Q. I have a Personal Pension Plan with Aviva that I want to activate. I have been made redundant from my teaching post and became 61 in February. Aviva sent me a ‘Retirement Illustration’, but as I have some minor medical conditions my advisor suggested I should fill in the medical form Aviva sent me. This might result in a more accurate forecast and possibly an ‘upping’ of my benefits. I posted the form on 20 July and Aviva received it two days later, as they have confirmed. A month later I phoned to ask about progress and was told I would have a reply within three days. After three days I received a call to confirm my identity and was told the reply would be with me within another three days. In early September I phoned to ask why I had not had the reply and I was promised I would be phoned back with an answer – which I was not. Another week later I asked to speak to a section superior, explained the situation and was promised I would be phoned back with an answer – which again did not happen. Another two days later I did receive a call and was told that because of a ‘technical problem’ the reply will take another two to three weeks. Can you find out when I will get an answer? JG, Isle of Man.
A Aviva has now provided a full statement on the annuity options available to you. A spokeswoman for Aviva says: “We’ve now reviewed this matter and acknowledge that [the reader] experienced delays in receiving her illustrations on the various options open to her and did not receive her further illustrations relating to a health-related enhanced pension entitlement. We fully apologise for these delays, which were in part due to some administration errors in the processing of [the reader’s] additional medical forms.” In recognition of the poor service provided, Aviva is sending you £200. In addition, Aviva will backdate any annuity payments with interest and if you now decide to move to another provider Aviva will compensate you for any loss caused by the delays.
Q. I believe that my son should be entitled to receive a Child Trust Fund, with a payment from the Government of £50. I have spoken to the Child Benefit Office and the Child Trust Fund for the last year, but cannot get a payment or an answer. He is a British citizen and has a British passport. We moved abroad last October 2010 and my son was born in December 2010. GI, Finland.
A HM Revenue & Customs explains that the qualifying conditions for a Child Trust Fund and the £50 are that the child was born between 1 September 2002 and 2 January 2011; that you were paid Child Benefit for that child for at least one day before 4 January 2011, that your child lives in the UK and that your child is not subject to any immigration restriction. You accept that as you were living in Finland when you applied, the criteria mean that your son is not entitled to a Child Trust Fund payment.
Q. I am having difficult checking my credit status with credit reference agency Experian. There is one item on my record marked “default”, while the others are shown as “satisfactory”. There was a disputed bill with Tesco relating to a fraudulent transaction, which is now resolved. But Experian is marking up the problem as being with Egg, which is why the matter is not shown as resolved. I have already sent Experian a letter from Tesco to confirm that this disputed item has been cleared and requested that it be removed from, or corrected in, my credit report. I also want to end my subscription of £5.99 per month for a credit report, which I don’t need other than to correct this error which should not take almost three months to do. SB, by email.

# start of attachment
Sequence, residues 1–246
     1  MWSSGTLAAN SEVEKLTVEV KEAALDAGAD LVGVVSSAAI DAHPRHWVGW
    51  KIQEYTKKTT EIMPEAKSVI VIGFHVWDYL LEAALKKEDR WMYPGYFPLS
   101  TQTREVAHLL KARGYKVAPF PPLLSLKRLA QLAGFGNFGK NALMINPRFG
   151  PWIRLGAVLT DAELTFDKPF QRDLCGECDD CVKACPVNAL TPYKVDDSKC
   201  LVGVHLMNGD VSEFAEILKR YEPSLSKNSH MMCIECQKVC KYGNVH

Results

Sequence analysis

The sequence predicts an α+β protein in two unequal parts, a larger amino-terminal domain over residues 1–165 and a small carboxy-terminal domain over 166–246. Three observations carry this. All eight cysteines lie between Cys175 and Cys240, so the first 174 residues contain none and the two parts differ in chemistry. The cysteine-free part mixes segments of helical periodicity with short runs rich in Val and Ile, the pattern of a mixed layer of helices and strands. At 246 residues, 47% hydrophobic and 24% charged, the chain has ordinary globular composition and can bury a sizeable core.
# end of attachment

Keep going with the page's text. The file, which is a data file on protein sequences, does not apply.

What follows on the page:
A. Experian says it contacted Tesco earlier this month to confirm your explanation and Tesco “replied within a few days asking us to amend the account”. James Jones, a spokesman for Experian, explains: “This has been actioned and now the account is marked as settled with a perfect payment record.” Experian adds that while it has cancelled your CreditExpert membership, you did not need to join its service in order to correct your credit status report. “The law gives consumers the right to have errors rectified on any credit report they have received from us and there is certainly no obligation to continue monitoring your credit report just because data on it has been disputed,” says Jones.
Q. I am trying to obtain a refund from Argos Direct, which I have twice been promised. I bought a self-assembly sideboard online in May for £88.94 for home delivery. A part was faulty and the unit replaced, but several parts of the replacement unit were faulty. I agreed to take a different model, but this turned out to have been deleted. I was then refunded £77.99, but the delivery charge was not repaid. RS, by email.
A Argos is now refunding the £8.95 delivery charge, plus an additional £20 as a gesture of goodwill. The company apologises and says the situation “should never have happened”.
Q. I moved in May and transferred my Virgin Media contract with me. The internet never worked properly. After lots of calls and visits from technicians failed to resolve the problem we switched to TalkTalk. The service worked instantly and was half the price. I asked Virgin Media for a refund, but was offered just £5.39 and I am to be charged £49 for disconnection. GM, by email.
A Virgin Media says the charge is not for disconnection, but was a £40 installation fee – including for the phone line which did work and were used. However, Virgin Media will now refund £51.50 of fees already paid a gesture of goodwill, as well as waiving all disconnection fees. Virgin Media apologies for not providing “the high-quality service we strive to deliver”.